Water Quality Concerns in Older D.C. Homes

This week, a neighbor in Shepherd Park posted this message about the water quality in her home to the community listserv:

In my neighborhood in Shepherd, in most of the older homes, built in the mid to late 1930’s, we routinely find the water to be discolored and that it smells bad.  We find ourselves cleaning our bathrooms a few times a week.  Specifically, the toilet is cleaned almost daily, and the bacteria growing in the bowl is overwhelming.  The water coming out of the taps is never clear but is constantly an off-white to a yellowish-brown color.  Who would willingly use discolored water to bathe in or worse yet, to wash your face or brush your teeth or even drink?  What chemicals, debris, bacteria are in the water flowing thru our pipes? – Karen P

Unsafe water is obviously a concern that no homeowner wants to deal with.  As much as we pay for our water service these days, every resident should expect to see pure, clean water coming from their tap.  Upon further reflection, however, there is a chance that the source of the problem is a lot closer than the water main in the street.

Water Distribution System

A few other neighbors responded to the original message and indicated that they are not seeing this water quality problem in their Shepherd Park homes.  We also have not experienced this in our house at 16th St and Holly St NW.  Judging by this 1985 map of the DC Water Distribution System, a layman might surmise that all of us who live north of Alaska Avenue NW receive our water supply from the same source, through the same water main.  If the water problems are not coming from the street, the next place to look would be inside the home.water distribution


Interior Plumbing

1913 Holly Street Home
This home on Holly Street NW was built in 1913.

Many of the homes in Shepherd Park were built during the period between 1913 and 1960. As several articles and neighbor Butch A. indicated, the most popular plumbing material during that time was galvanized steel. Galvanized iron pipes are actually steel pipes that are covered with a protective layer of zinc that were installed in many homes that were built before the 1960s. Homes built after that time used copper pipes until that became too expensive.  Our home, built in 1970, has copper plumbing. Homes built today generally use some form of plastic piping.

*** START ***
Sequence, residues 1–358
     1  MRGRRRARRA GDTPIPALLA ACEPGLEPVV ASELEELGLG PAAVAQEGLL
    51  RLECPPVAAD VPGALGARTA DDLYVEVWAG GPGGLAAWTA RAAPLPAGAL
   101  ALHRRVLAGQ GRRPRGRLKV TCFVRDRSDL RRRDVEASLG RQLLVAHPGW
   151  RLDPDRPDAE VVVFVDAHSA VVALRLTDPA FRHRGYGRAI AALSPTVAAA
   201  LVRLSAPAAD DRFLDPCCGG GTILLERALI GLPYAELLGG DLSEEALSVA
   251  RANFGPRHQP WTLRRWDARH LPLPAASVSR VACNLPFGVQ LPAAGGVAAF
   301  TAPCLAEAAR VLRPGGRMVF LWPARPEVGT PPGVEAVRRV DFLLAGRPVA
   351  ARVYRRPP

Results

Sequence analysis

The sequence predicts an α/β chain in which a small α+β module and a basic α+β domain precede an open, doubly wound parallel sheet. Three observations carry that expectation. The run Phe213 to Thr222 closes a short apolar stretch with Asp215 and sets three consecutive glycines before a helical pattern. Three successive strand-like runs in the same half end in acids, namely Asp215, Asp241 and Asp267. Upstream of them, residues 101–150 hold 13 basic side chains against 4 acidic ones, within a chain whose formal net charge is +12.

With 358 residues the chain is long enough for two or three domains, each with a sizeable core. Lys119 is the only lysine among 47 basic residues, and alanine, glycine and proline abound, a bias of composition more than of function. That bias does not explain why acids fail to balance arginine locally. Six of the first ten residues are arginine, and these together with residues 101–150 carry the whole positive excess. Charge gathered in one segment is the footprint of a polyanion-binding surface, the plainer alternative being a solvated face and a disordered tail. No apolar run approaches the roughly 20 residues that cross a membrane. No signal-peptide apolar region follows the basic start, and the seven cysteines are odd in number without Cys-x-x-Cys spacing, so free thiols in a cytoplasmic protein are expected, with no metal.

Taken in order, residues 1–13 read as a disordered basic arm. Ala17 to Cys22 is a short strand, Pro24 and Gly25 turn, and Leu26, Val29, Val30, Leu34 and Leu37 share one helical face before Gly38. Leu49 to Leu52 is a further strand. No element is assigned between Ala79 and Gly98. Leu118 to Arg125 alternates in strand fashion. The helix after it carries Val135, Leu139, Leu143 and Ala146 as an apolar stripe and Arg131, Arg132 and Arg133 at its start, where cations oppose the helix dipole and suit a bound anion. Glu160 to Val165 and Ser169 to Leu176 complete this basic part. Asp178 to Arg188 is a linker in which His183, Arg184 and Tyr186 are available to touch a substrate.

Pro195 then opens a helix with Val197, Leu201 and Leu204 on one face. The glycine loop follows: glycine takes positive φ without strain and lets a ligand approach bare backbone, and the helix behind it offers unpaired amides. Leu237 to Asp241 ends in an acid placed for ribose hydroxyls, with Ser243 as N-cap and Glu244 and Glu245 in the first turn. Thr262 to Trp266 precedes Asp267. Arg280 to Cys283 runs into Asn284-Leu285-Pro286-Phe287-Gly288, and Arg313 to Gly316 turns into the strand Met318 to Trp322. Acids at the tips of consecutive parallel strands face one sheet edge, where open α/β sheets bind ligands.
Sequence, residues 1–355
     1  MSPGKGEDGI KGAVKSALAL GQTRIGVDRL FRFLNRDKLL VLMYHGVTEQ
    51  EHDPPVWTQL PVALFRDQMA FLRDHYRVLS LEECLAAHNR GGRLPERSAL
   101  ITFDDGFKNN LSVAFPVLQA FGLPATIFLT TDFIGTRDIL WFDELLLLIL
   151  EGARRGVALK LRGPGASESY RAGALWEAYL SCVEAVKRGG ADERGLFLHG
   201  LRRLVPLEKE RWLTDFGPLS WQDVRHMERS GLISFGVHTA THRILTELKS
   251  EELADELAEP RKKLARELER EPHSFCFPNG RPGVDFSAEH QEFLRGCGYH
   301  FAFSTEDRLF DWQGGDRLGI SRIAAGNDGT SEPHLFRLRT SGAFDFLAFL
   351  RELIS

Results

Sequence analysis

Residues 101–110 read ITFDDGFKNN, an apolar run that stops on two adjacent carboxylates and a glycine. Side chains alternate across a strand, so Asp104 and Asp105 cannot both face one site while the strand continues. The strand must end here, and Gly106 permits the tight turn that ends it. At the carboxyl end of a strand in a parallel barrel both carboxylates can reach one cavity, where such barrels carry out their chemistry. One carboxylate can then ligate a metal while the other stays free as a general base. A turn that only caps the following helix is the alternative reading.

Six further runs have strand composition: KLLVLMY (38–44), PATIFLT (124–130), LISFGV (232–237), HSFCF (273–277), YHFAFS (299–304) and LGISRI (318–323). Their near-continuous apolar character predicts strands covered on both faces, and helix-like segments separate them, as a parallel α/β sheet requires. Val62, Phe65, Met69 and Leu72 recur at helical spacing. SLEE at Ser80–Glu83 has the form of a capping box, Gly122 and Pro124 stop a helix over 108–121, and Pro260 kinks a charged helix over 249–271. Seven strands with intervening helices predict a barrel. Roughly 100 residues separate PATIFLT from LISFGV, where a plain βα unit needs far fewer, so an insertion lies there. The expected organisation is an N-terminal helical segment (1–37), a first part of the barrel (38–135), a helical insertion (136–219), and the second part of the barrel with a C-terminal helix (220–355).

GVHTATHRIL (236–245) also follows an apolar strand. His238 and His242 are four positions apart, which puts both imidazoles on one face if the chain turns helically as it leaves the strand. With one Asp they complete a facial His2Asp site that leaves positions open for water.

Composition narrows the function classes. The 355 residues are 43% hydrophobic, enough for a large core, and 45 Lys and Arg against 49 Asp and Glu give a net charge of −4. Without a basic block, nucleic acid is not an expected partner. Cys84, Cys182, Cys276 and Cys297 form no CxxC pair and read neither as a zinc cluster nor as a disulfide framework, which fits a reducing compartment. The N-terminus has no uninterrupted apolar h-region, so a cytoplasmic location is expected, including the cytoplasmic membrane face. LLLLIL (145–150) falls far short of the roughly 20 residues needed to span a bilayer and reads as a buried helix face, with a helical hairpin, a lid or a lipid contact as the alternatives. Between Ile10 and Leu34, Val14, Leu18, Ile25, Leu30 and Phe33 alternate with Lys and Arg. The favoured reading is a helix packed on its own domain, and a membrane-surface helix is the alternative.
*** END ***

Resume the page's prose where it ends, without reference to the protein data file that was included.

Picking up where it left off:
The Problems with Galvanized Pipes

Galvanized steel was a great technology for its day, but most homes have far exceeded the life expectancy of those pipes. Over time, the zinc coating wears away and the pipes begin to rust from the inside out.  galvanized pipes

As Karen noted above, one of the first problems you will see with old galvanized pipes is discolored water.  A sure sign of this is a brown stain on a porcelain sink.

Low or uneven water pressure is another sign.  The rust simply shrinks the volume of the inside of the pipe.  Eventually, pipes will rust all the way through and cause leaks in your home.

The most serious issue though, is the potential for lead contamination. Many, many homes in our area have or had lead service lines.  Click here to see DC Water’s Leave Service line map and see if your home still has a lead service line.  The corroded insides of galvanized pipes can trap small bits of lead and release them at any time, even if your lead service line was removed long ago.

What should you do if you have galvanized plumbing?

The simple answer is that you should strongly consider replacing those old pipes in your home. Unfortunately, this is an expensive proposition and requires the assistance of licensed plumber. If that is not an option for you, consider using an NSF Certified Water filtration system or water pitcher.

Do You Have Galvanized Pipes?

DC Water has information that can help homeowners identify which type of plumbing they have in their homes.  Follow this link  to find it.

If you have concerns about your water quality and need a reference to a licensed plumber, give me at call at (202) 717-2276.


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